Mark Sue, a RBC analyst, upgraded Corning’s stock from “Neutral” to “Buy”. He based this decision on the assumption that “demand for Corning glass is getting stronger due to the popularity, and growing size, of LCD TV screens around the world.”
I am not sure if Mr. Sue has been reading the news lately, but I must disagree. For instance, Sharp announced that Q1 results were well below expectations and that the company will be focusing on smaller LCD TVs. Sharp began manufacturing 32″ LCD TV panels on its G8 line, which is more suited for 42″ and larger sizes. Other LCD TV manufacturers will likely follow the trend toward manufacturing smaller and more affordable units. Best Buy has reported that although LCD TVs are growing, growth is slowing down. There are reports that suggest LCD TV sell-through in the US has shifted toward smaller-sized units in March.
Mr. Sue might know something that Sharp and Best Buy do not, but I am certain demand for Corning glass is not getting stronger. The phrase “getting stronger” would imply that growth is accelerating. Growth for Corning’s LCD glass substrates are definitely not accelerating. In fact with every year LCD TV penetration of the overall TV market is growing and that means year-over-year growth in general will slow and it has been for the last couple of years.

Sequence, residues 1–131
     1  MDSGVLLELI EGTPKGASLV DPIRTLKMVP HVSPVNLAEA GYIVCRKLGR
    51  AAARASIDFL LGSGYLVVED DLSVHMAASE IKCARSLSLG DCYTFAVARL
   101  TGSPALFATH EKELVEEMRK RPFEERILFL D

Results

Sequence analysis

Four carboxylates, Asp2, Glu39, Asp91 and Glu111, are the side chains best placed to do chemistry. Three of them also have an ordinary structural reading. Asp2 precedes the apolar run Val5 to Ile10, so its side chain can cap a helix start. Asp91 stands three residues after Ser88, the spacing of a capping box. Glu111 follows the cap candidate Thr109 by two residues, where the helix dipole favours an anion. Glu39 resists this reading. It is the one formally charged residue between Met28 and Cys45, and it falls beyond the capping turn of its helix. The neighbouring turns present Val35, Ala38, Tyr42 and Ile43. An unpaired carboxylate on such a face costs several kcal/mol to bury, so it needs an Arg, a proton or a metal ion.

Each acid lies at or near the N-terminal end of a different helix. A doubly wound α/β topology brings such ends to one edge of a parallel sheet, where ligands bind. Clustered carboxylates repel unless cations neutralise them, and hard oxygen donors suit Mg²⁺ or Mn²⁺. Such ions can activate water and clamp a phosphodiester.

Corning has a dominant share of the LCD glass substrate market at roughly 60% when its joint venture Samsung Corning Precision (SCP) is included in the calculation. The company has maintained this dominance for many years and will continue to do so for many more. However, Asahi Glass Co. (AGC) is building out its capacity quickly and will erode Corning’s share somewhat. AGC’s share of LCD glass capacity should be around 20% at the time of this writing.
[tags]Corning, LCD Glass, LCD Glass Substrate, LCD TV, Samsung Corning Precision, SCP, Asahi Glass, AGC, Sharp[/tags]